=> Expanding Your Network
Now think about what you need to do to expand your network. Think about where you should go, what networking groups you should consider joining and how much time you have available to invest in networking. Ask people from your existing network where they go and what they do and start there. Also think about groups such as alumni clubs, industry associations and social clubs and well as your personal hobbies and interests.
Attend networking functions organized by these groups and when you're there, work room. Enjoy yourself, shake hands firmly and smile. Show up early and leave late. If you go with a friend or colleague, split up. Play your 15 second commercial over and over again. Have a 45 second version ready too for those who are interested in learning more about your business. Spend two thirds of your time with people you don't know. Don't try and sell your services, focus on building rapport with people you meet. Collect business cards and make notes on back of them to jog your memory later when it comes to making further contact with people you meet. Show genuine interest and get people to talk about themselves.
If you get anxious when meeting new people, arm yourself with a checklist of conversation starters such as industry challenges, trends impacting your business, and questions such as "What brings you to this event?" or "Tell me about customers you like to do business with". End conversation with "If there's ever anything I can do, please call" and exchange business cards.
TENDING YOUR GARDEN
As noted earlier, this is part where most people drop out of race. Therefore, it's part where you can gain your greatest competitive advantage.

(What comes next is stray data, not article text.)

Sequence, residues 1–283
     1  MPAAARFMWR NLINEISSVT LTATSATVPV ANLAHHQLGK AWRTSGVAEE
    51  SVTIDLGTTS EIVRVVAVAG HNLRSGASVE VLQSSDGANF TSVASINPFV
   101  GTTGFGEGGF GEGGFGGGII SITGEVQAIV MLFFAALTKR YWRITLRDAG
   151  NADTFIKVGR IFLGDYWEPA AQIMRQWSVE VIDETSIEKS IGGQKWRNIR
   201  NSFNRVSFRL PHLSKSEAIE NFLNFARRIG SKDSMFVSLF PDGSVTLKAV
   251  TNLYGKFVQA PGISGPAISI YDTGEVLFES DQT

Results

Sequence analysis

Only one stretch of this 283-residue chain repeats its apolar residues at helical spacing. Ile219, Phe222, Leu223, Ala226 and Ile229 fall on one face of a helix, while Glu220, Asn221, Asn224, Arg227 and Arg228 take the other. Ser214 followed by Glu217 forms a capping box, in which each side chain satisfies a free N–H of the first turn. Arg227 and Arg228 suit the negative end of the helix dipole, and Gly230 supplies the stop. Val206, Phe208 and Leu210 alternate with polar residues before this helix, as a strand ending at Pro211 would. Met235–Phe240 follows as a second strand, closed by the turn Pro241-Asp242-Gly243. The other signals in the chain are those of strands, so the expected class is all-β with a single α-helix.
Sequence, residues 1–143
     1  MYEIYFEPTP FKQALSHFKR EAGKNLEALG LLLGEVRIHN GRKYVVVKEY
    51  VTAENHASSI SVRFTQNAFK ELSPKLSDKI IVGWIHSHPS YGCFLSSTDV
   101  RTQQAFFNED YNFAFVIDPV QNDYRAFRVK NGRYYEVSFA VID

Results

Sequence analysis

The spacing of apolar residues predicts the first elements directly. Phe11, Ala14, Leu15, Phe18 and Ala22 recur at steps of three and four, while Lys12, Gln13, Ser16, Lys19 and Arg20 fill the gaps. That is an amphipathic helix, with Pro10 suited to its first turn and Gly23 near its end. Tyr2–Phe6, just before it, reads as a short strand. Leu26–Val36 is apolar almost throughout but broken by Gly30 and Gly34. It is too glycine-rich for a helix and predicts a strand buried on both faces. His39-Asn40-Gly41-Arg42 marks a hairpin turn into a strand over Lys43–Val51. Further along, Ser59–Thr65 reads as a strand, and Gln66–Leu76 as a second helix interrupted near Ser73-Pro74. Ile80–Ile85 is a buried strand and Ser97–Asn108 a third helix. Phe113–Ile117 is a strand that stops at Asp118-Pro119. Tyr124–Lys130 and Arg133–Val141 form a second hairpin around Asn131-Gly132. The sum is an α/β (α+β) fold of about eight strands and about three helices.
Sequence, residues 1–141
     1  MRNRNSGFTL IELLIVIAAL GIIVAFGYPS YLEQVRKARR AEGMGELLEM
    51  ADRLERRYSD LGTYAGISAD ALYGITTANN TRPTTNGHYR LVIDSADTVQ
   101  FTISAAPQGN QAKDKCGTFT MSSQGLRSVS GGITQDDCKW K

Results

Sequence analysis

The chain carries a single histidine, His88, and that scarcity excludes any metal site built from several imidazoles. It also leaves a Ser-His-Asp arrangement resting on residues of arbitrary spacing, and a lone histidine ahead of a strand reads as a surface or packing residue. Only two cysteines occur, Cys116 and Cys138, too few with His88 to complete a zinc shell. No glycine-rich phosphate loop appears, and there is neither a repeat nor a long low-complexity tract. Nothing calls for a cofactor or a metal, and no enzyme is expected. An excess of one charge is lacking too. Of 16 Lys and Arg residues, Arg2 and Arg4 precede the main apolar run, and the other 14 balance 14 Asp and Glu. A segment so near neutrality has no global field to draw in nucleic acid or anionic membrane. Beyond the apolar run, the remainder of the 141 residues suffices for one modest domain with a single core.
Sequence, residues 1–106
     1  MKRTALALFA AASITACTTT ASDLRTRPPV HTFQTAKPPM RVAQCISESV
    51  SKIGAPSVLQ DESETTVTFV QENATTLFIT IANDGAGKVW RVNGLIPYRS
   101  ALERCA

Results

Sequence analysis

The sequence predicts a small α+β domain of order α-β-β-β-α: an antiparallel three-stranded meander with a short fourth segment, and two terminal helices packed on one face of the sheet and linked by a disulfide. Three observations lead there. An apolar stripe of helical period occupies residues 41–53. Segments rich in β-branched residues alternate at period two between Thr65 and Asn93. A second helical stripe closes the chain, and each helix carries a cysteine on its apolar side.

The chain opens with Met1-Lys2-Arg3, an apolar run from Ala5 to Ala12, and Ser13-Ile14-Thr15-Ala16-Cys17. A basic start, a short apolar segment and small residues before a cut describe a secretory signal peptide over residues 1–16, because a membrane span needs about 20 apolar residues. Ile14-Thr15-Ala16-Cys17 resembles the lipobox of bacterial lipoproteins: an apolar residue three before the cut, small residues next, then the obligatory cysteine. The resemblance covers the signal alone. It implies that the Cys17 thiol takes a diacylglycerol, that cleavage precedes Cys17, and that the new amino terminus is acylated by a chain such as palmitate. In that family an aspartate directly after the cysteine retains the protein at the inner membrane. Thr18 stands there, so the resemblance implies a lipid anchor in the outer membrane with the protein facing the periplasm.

Failure to continuously follow through with people they meet is number one reason most people never reach their full rainmaking potential. Many people attend functions, meet new people, collect business cards, file them in a Rolodex and wonder why nothing ever happens.
In order to succeed in your business, you must not only have a precise understanding of exactly what it is you are selling and to whom, you must also make a commitment to sell it over and over and over again, often to same person! The average person has to hear a message seven times before they will remember it. Most sales are made after fifth contact and only ten percent of people have staying power to make fifth call. That means that out of a group of 100 competitors, you're only competing against ten of them. The difference between you and other ten will come down to effectiveness of your system for maintaining contact with people who can refer you business.
Here's how to tend your garden:
=> Follow Up Initial Meeting
Following your networking activities, you will have in hand a stack of business cards from people you have met. What do you do with them other than filing them in your Rolodex? Write a short note to each person you met that you would like to develop a relationship with. This note should be handwritten, and go something like this: